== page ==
The period of time immediately following release from prison or jail can be very challenging, but for people with substance addictions, this time can also pose significant health and safety risks. In addition to navigating employment, housing, personal relationships, and other common reentry challenges, people with addictions must be mindful of potential triggers that could lead to relapse or overdose.
Research shows that people leaving incarceration are at particular risk of relapse and overdose. For instance, in Washington State, over a 10-year period, the risk of death from all drug overdoses within the first two weeks after release from prison was 129 times that of other state residents. And in Connecticut, 52 percent of people who died from a drug overdose in 2016 had at some point been incarcerated.
These staggering statistics underscore the need for creating concrete plans to reduce relapse and prevent overdose so people with addictions can successfully recover and reenter the community.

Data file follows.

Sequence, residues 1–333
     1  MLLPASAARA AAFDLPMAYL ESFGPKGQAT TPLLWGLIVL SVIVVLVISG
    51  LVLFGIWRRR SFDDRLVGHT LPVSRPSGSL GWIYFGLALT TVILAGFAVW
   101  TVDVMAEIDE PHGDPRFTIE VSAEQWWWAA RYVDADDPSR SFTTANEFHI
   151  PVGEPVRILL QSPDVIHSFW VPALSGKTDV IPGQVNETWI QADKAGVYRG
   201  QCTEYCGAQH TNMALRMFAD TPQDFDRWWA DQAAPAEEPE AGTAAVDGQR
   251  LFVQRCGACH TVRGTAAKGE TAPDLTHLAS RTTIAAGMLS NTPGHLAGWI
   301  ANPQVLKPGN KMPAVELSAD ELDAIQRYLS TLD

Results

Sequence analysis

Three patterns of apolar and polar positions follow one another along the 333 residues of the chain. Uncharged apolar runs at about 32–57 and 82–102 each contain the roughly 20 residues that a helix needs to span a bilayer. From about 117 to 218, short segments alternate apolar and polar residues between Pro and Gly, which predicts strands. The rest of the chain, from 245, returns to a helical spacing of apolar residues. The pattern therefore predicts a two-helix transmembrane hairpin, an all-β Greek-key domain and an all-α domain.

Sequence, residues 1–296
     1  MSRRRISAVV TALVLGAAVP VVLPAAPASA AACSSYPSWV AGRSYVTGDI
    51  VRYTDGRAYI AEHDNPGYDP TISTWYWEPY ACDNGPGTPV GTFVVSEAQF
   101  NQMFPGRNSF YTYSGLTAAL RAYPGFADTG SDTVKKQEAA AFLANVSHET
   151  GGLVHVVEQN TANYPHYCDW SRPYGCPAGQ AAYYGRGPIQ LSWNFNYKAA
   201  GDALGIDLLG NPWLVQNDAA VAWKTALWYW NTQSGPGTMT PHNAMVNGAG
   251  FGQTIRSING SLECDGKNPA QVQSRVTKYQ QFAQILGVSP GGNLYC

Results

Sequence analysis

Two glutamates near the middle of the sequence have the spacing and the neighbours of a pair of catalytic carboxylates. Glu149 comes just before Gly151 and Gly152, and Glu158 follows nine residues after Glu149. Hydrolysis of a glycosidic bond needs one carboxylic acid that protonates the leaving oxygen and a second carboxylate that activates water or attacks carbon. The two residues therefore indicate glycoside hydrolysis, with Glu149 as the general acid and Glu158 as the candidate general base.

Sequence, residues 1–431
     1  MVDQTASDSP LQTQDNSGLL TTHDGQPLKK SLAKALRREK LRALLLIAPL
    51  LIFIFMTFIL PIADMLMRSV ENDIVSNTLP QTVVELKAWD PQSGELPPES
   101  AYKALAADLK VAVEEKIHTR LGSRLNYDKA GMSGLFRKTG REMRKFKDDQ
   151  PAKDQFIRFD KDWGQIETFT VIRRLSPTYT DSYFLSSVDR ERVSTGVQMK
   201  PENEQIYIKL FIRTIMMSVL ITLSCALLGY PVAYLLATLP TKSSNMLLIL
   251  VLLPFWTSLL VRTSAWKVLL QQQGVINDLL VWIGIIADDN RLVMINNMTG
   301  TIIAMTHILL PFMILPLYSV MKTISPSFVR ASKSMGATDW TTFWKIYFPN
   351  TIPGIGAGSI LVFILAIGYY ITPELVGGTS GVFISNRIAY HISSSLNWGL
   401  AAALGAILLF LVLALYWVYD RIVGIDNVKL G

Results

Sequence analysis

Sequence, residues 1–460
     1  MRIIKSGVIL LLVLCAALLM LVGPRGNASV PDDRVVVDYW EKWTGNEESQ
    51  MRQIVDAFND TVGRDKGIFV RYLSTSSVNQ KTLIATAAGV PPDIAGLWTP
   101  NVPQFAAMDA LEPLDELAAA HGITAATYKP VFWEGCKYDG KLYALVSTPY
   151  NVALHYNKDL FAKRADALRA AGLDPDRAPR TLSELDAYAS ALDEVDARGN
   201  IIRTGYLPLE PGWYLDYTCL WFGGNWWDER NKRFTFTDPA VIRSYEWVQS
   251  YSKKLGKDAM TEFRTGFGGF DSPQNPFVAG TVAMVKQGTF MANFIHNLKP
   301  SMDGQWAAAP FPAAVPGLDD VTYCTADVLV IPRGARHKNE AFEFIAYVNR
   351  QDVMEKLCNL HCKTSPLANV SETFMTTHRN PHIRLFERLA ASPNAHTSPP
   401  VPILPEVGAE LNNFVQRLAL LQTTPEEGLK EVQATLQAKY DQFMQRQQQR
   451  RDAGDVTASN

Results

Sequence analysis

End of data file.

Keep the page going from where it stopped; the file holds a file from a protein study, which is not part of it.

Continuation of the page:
A new Relapse Prevention Plan tool, developed by The Council of State Governments Justice Center, aims to help corrections and supervision agencies, as well as behavioral health treatment providers, do just that. Specifically, the tool provides guidance on how to:
- identify people who need relapse prevention plans
- develop tailored plans in collaboration with other agencies and the individual’s support network
- implement these plans and respond if a person does relapse
Relapse prevention plans are a critical part of any broader diversion and reentry case planning. The companion Collaborative Comprehensive Case Plans tool offers guidance on how to develop case plans in consultation with relevant partners—such as behavioral health treatment, supportive housing, and vocational and educational providers—that are tailored to a person’s distinct risks and needs. When continually updated and shared among partners, collaborative comprehensive case plans that include relapse prevention measures ensure people are connected to care as they transition from incarceration and minimize their health and safety risks.
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